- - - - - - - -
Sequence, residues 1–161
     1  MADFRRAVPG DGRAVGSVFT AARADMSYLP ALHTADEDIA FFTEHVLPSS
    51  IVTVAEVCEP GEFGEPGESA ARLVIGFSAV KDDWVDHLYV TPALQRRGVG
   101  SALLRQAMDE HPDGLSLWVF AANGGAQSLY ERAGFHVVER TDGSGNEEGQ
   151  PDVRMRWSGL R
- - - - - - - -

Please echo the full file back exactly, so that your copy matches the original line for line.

Sequence, residues 1–161
     1  MADFRRAVPG DGRAVGSVFT AARADMSYLP ALHTADEDIA FFTEHVLPSS
    51  IVTVAEVCEP GEFGEPGESA ARLVIGFSAV KDDWVDHLYV TPALQRRGVG
   101  SALLRQAMDE HPDGLSLWVF AANGGAQSLY ERAGFHVVER TDGSGNEEGQ
   151  PDVRMRWSGL R